About Malta

The Maltese islands are located in the central Mediterranean, approximately 90 kilometres from the island of Sicily and Italy. This archipelago covers an area of 316 square kilometres (Malta 246, Gozo 67 and Comino 2.7). The population of the islands is approx. 400,000.

The longest distance on the island of Malta, from the south-east to the north-west is some 27km. Malta has neither mountains nor rivers, but is characterised by a series of low hills and gently sloping fields. There are some secluded areas of woodland in the north as well as pristine areas of garigue and maquis. Malta also boasts two nature reserves which provide a haven for migratory birds. Malta’s coastline is well indented with harbours, bays, creeks, a few sandy beaches. The capital city of Malta is Valletta.

Gozo, the island to the North, is smaller than its sister island Malta, and offers an abundance of greenery and flat-topped hills.

The Maltese islands offer varied accommodation in hotels, apart-hotels, tourist villages, guest houses, self-catering farmhouses, villas, apartments and hostels.

Malta’s climate is strongly influenced by the sea and has a typical Mediterranean flavour. Winters are mild with occasional cold weather brought by northerly and north-easterly winds from central Europe between the months of December and February. Summers are hot, dry and very sunny with temperatures around 30 degrees Celcius. The islands have a very sunny climate with a daily average of five to six hours of sunshine in mid-winter and more than 12 hours of sunshine per day during the summer.

The unit of currency is the Euro (€) and divided into 100 cents. Driving is on the left, unlike most European countries. Malta joined the European Union in 2004.

Although Malta has a long history (some 6,000 years), the Arab occupation from 870 to 1090 provided the basis of the Maltese language. The Knights of the Order of St John, a religious order who occupied the islands from 1530 to 1798, shaped the islands artistically, commercially, socially and culturally. The British period, from 1801 to 1964, introduced the concept of British justice with a unified code of laws, democracy and administration. The British also helped launch the islands into the modern industrial world and linked them with the worldwide community of English-speaking countries.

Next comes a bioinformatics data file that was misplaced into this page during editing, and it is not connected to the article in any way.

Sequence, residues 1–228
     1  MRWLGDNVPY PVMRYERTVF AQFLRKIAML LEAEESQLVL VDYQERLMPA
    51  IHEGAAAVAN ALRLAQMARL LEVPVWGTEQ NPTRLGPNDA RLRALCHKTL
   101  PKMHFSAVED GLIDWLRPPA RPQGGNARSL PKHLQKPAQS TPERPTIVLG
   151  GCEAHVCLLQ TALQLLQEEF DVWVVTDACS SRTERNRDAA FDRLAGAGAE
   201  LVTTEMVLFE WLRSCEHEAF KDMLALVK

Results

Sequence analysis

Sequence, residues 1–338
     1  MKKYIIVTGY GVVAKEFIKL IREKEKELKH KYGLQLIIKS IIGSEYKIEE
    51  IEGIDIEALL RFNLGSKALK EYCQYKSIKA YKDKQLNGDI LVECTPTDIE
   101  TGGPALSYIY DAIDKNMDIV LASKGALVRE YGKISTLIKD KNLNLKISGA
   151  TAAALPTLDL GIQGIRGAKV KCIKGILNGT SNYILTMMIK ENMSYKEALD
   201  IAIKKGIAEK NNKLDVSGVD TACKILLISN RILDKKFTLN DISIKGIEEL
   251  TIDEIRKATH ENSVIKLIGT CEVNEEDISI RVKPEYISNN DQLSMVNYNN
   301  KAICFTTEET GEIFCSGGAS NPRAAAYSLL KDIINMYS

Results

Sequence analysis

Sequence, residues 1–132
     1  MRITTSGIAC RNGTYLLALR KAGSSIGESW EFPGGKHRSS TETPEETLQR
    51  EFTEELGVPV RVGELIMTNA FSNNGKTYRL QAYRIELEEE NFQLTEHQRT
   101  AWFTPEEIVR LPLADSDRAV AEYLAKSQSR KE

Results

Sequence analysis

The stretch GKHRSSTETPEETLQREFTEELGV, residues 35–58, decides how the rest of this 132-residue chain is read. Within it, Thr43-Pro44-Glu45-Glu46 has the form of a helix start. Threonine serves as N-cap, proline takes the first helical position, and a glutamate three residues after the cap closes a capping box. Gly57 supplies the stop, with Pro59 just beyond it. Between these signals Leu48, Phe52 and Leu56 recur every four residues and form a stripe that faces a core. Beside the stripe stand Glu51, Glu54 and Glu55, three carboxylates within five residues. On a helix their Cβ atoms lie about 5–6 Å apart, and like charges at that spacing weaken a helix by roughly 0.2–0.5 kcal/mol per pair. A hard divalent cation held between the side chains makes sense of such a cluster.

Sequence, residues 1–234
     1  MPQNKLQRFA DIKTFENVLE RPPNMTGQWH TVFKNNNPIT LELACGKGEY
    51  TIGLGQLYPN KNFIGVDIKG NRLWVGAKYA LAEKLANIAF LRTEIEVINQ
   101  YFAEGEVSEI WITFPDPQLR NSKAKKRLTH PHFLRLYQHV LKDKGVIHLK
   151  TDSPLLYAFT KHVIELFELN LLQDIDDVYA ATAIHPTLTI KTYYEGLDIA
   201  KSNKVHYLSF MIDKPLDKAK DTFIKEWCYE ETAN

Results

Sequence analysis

Maltese and English are the official languages. Maltese is a Semitic language similar to Levantine Arabic and written in the Roman script. The Maltese language also includes many words of Italian, French and English origin.
The majority of Maltese are Roman Catholic. There are small Anglican, Church of Scotland, Greek Catholic and Orthodox, Jewish and Muslim communities.

Nightclubs and especially discotheques are extremely popular. One must be over18 for admission to a discotheque or nightclub and also to be served alcoholic drinks. St Julian’s is a lively and immensely popular area of nightlife in Malta, but for those who prefer a more subdued atmosphere, areas such as Sliema and Bugibba provide a wealthy of daytime and night time activities including shopping, cinemas, sports, restaurants and bars and much more.

Malta is famous for its beautiful sandy beaches, the largest and most famous at Ghadira Bay in Melliah. Other sandy beaches are located at St. George’s Bay (St. Julian’s), Birzebugia, and Golden Bay.

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